The Merchant and Owner(s)/Officer(s) identified in the application (individually, an “Applicant”) each represents, acknowledges and agrees that (1) all information and documents provided to National Funding, Inc. (“NF”) including credit card processor statements are true, accurate and complete, (2) Applicant will immediately notify NF of any change in such information or financial condition, (3) Applicant authorizes NF to disclose all information and documents that NF may obtain including credit reports to other persons or entities (collectively, “Assignees”) that may be involved with or acquire commercial loans having daily repayment features and/or Merchant Cash Advance transactions, including without limitation the application therefor (collectively, “Transactions”) and each Assignee is authorized to use such information and documents, and share such information and documents with other Assignees, in connection with potential Transactions, (4) each Assignee will rely upon the accuracy and completeness of such information and documents, (5) NF, Assignees, and each of their representatives, successors, assigns and designees (collectively, “Recipients”) are authorized to request and receive any investigative reports, credit reports, statements from creditors or financial institutions, verification of information, or any other information that a Recipient deems necessary, (6) Applicant waives and releases any claims against Recipients and any information-providers arising from any act or omission relating to the requesting, receiving or release of information, and (7) each Owner/Officer represents that he or she is authorized to sign this form on behalf of Merchant.(8) I consent to receive direct mail, faxes, and e-mails sent by National Funding and its affiliates for the purposes of transmitting account updates, requests for information and notices, and (9) this request is for business and not for consumer purposes.

 

For Equipment Services:

I hereby certify: (1) the information provided is true and correct, (2) you are hereby authorized to investigate all bank, credit, and trade references, and said references are hereby authorized to release any requested information to you or your nominee, (3) such authorization shall extend to obtaining personal credit profile in considering this application and subsequently for the purposes of update, renewal or extension of such credit or additional credit and for reviewing or collecting the resulting account, (4) this information may be transmitted by us to you and by you to underwriter(s) for the purpose of granting me credit, either electronically or manually, and that by submitting this application, I take full responsibility for transmission thereof, (5) I am over 18 years of age, (6) I acknowledge my rights under the Fair Credit Reporting Act, (7) I consent to receive direct mail, faxes, and e-mails sent by National Funding and its affiliates for the purposes of transmitting account updates, requests for information and notices, and (8) this request is for business and not for consumer purposes.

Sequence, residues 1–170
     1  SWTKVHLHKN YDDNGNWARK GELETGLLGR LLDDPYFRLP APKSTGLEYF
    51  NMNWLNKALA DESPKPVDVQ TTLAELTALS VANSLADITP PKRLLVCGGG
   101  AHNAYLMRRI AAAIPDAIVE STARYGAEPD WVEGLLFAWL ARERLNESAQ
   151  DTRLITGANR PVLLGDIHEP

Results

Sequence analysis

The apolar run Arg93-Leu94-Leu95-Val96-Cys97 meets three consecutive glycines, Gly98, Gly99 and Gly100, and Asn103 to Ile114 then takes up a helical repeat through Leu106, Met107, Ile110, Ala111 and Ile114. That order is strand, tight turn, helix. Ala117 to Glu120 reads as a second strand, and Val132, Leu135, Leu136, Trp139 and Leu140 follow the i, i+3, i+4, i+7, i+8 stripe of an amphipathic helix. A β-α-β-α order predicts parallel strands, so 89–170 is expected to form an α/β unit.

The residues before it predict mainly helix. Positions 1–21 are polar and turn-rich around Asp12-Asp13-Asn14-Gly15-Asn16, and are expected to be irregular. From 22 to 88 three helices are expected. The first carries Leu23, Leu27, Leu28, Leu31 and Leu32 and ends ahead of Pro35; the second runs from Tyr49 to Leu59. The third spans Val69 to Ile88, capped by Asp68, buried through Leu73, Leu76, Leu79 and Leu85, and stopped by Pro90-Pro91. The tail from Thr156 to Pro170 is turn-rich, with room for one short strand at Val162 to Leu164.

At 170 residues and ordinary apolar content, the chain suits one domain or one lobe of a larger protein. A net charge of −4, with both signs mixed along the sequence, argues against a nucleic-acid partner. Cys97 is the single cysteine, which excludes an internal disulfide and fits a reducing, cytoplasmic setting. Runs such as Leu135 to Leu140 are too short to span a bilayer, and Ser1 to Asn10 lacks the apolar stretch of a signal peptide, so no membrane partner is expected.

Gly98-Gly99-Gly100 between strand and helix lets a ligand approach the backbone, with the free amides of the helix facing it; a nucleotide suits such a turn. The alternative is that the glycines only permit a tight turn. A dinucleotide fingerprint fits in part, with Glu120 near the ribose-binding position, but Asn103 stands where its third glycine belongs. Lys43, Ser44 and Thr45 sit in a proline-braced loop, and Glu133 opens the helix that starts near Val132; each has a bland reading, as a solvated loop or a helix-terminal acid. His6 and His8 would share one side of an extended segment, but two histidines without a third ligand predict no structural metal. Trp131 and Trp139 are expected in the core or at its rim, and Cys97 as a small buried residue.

The Federal Equal Credit Opportunity Act prohibits creditors from discriminating against credit applicants on the basis of race, color, religion, national origin, sex, marital status or age (provided the applicant has the capacity to enter into the binding contract); because all or part of the applicant’s income derives from any public assistance program; or because the applicant has in good faith exercised any right under the Consumer Credit Protection Act. If for any reason your application for business credit is denied, you have the right to a written statement of the specific reasons for the denial. To obtain the statement, please write to National Funding Inc., 9820 Towne Centre Drive, San Diego, California 92121.  Funding amount and credit approval is subject to a full credit profile review.